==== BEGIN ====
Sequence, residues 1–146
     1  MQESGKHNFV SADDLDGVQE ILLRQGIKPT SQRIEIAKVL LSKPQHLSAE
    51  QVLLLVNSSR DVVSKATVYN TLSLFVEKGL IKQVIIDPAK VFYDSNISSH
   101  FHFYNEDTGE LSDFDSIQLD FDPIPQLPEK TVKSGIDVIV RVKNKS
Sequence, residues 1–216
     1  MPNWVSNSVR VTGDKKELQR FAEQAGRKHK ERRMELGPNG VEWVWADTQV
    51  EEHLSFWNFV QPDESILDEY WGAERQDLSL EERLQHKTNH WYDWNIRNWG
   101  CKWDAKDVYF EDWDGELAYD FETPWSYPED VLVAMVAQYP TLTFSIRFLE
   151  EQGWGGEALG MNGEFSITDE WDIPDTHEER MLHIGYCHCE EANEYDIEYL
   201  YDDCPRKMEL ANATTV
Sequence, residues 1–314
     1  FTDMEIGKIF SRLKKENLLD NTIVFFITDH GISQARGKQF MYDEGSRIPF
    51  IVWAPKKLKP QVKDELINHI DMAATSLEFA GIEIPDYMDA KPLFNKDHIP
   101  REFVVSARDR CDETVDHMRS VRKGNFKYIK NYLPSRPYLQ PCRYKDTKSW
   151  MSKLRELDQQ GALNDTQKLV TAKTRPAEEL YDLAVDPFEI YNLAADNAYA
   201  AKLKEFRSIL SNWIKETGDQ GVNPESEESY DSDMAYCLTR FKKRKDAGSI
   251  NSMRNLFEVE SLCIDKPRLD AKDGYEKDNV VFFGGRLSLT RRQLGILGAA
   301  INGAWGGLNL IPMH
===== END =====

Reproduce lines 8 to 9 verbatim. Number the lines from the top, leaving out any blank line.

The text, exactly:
   101  CKWDAKDVYF EDWDGELAYD FETPWSYPED VLVAMVAQYP TLTFSIRFLE
   151  EQGWGGEALG MNGEFSITDE WDIPDTHEER MLHIGYCHCE EANEYDIEYL